Biden, Cheney Sound Off On Sunday Talks Shows
RENEE MONTAGNE, Host:
This is MORNING EDITION from NPR News. I'm Renee Montagne.
LINDA WERTHEIMER, Host:
Joining us now, as she does most Mondays, is NPR's news analyst Cokie Roberts. Good morning, Cokie.
COKIE ROBERTS: Hi, Linda.
WERTHEIMER: Former vice president, Dick Cheney, he's been very critical of the Obama administration in terms of national security, and he was on the air yesterday to repeat his criticisms.
ROBERTS: He did. He criticized the way the administration approaches terrorists, and when he was confronted with the fact that's the same way his administration handled things, he conceded that there are hard decisions here, but he thinks that the Bush administration's tough tactics - including waterboarding, which the International Red Cross has called terrorism - were better than this administration's approach.
WERTHEIMER: Vice presidents often say the sharp things that the statesman like president doesn't want to say, but Mr. Cheney is no longer anybody's vice president. So, what's he doing? We haven't heard any hints that he is standing in for President Bush, who's made no critical comments at all.
ROBERTS: No. And, in fact, yesterday, he was asked if he had talked to President Bush - the former President Bush - about all this. And he said, well, nobody has been critical of him for his criticisms. You know, usually we hear former vice presidents do this when they're running for president, but there is no hint that Dick Cheney is doing that. The current vice president, Joe Biden, was asked repeatedly, yesterday, what he thinks the former vice president is up to and here is what he said.
JOE BIDEN: That's Dick Cheney. I mean, thank God, the last administration didn't listen to him at the end.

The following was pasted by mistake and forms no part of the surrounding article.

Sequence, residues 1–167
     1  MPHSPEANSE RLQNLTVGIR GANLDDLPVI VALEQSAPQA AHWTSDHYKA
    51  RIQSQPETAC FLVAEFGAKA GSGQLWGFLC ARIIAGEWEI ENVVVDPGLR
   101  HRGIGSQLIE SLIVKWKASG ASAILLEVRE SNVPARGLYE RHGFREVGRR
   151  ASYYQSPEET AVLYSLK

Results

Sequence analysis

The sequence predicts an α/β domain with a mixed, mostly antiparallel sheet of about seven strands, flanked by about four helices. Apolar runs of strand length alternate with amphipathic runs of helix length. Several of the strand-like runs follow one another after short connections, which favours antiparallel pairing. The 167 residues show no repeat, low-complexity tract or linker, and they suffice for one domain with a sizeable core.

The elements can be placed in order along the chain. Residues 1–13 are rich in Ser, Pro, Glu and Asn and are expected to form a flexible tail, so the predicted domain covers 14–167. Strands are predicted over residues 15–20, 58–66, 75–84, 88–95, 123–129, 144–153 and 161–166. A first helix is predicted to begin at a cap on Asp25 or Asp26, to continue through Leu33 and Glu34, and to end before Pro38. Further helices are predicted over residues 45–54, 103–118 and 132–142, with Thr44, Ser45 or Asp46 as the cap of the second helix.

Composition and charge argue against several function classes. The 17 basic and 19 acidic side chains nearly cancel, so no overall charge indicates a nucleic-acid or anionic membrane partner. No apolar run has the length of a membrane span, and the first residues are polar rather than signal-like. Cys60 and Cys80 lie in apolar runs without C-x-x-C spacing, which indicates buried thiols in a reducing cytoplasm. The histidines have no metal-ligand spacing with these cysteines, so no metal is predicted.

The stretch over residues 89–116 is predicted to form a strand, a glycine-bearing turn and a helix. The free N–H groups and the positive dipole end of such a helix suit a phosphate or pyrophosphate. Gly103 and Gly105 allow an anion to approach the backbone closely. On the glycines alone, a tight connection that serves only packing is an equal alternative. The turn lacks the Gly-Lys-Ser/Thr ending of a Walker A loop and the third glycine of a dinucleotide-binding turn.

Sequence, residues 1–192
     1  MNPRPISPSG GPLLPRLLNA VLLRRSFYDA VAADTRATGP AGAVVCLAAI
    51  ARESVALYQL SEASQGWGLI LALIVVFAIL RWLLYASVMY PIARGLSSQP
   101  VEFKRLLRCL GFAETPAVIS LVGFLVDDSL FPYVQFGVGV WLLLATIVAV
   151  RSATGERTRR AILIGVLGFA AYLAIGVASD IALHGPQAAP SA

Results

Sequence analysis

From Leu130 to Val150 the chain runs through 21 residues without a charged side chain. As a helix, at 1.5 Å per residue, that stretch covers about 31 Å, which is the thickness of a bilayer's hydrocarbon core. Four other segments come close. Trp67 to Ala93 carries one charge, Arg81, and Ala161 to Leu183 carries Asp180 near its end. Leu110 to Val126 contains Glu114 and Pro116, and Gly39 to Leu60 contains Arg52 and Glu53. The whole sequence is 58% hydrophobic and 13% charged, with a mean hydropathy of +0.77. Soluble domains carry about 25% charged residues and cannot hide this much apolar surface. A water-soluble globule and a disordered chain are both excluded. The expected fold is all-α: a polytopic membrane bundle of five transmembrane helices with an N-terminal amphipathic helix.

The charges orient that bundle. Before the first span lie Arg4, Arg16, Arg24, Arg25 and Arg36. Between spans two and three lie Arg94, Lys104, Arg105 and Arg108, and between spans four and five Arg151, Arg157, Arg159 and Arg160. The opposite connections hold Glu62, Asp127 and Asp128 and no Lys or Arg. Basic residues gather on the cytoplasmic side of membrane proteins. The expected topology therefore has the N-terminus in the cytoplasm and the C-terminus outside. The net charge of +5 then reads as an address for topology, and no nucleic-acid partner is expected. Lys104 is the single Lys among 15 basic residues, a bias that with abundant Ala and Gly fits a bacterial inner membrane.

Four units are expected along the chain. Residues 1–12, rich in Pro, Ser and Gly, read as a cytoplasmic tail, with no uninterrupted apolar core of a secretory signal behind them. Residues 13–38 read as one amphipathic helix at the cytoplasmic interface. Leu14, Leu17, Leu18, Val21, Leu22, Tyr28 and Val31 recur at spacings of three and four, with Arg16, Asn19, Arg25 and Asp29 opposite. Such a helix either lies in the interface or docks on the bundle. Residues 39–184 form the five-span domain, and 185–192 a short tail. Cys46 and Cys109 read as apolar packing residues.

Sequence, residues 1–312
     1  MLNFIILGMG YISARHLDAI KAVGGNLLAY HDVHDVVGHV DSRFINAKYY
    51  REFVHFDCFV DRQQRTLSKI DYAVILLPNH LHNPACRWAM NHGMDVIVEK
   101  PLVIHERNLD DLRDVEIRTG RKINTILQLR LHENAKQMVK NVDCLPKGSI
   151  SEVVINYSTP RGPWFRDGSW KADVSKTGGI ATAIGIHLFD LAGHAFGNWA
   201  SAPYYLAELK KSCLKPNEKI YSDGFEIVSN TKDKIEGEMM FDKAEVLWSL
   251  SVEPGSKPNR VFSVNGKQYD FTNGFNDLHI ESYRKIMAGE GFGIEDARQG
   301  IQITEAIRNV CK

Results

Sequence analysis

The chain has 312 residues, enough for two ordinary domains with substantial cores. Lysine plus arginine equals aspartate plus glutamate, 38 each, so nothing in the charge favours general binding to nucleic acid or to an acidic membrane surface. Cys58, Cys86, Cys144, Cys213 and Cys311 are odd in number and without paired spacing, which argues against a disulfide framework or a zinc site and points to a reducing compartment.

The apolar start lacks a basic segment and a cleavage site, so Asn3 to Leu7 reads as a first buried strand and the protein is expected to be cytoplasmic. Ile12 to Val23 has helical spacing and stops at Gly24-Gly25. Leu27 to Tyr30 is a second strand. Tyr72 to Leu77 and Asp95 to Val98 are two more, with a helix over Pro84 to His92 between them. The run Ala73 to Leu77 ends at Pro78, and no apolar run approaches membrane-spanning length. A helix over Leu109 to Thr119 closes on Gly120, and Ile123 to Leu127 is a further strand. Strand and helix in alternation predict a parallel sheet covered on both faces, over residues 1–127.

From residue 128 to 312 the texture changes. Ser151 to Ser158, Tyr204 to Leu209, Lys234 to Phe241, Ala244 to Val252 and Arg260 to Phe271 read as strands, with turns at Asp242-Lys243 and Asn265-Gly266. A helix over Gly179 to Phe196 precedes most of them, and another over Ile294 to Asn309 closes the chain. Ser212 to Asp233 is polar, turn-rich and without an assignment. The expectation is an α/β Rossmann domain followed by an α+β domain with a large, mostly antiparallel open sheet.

ROBERTS: Biden was speaking on the CBS program, "Face the Nation." That was one of the two programs Linda, the vice president was on. The administration clearly was nervous about Cheney being out there, and they had the vice president now to critique him. They also had General Jim Jones out on a couple of other programs. The administration's sending the message, we are tough on national security. That comes at the same time as the surge in Afghanistan, something that Cheney said he very much agreed with. And recent polls show a majority of Republicans agreeing with it. Of course, the problem for the president is that's where he loses his Democratic base because they hate this increased war, and so that's making it hard for him on the legislative front.
WERTHEIMER: Whereas Senate Democrats were unable to come up with a jobs bill last week, and that was partly because of unhappiness on the liberal wing of the party. What's going to happen about the measure that the president called, the number one priority - jobs.
ROBERTS: Well, some Democrats are saying that what Majority Leader Harry Reid thought was a bipartisan bill, that it has too many Republican tax breaks in it. Others are worried that it has too much spending in it and that they will be criticized for that spending. They're looking at polls, Linda. Like a recent ABC News poll showing voters prefer Republicans in the coming elections, and the Democrats are basically panicking.
WERTHEIMER: And the health care bill's still hanging out there. How is all this going to affect health care?
ROBERTS: Well, they're sparing over a bipartisan summit that the president has called on health care. Republicans are looking at those same polls, of course, and they see things going their way, so they think they should just keep on doing what they are doing or not doing, which is not agreeing on any legislation. But there are some warning signs for them there, too. More voters say that Republicans are not doing enough to cooperate to get things done than Democrats. So they have to be a little bit careful there. But right now, they think they are just, you know, doing what they are doing is working.
WERTHEIMER: Coke, thanks very much.
ROBERTS: Good to be with you.
WERTHEIMER: That's NPR's Cokie Roberts.
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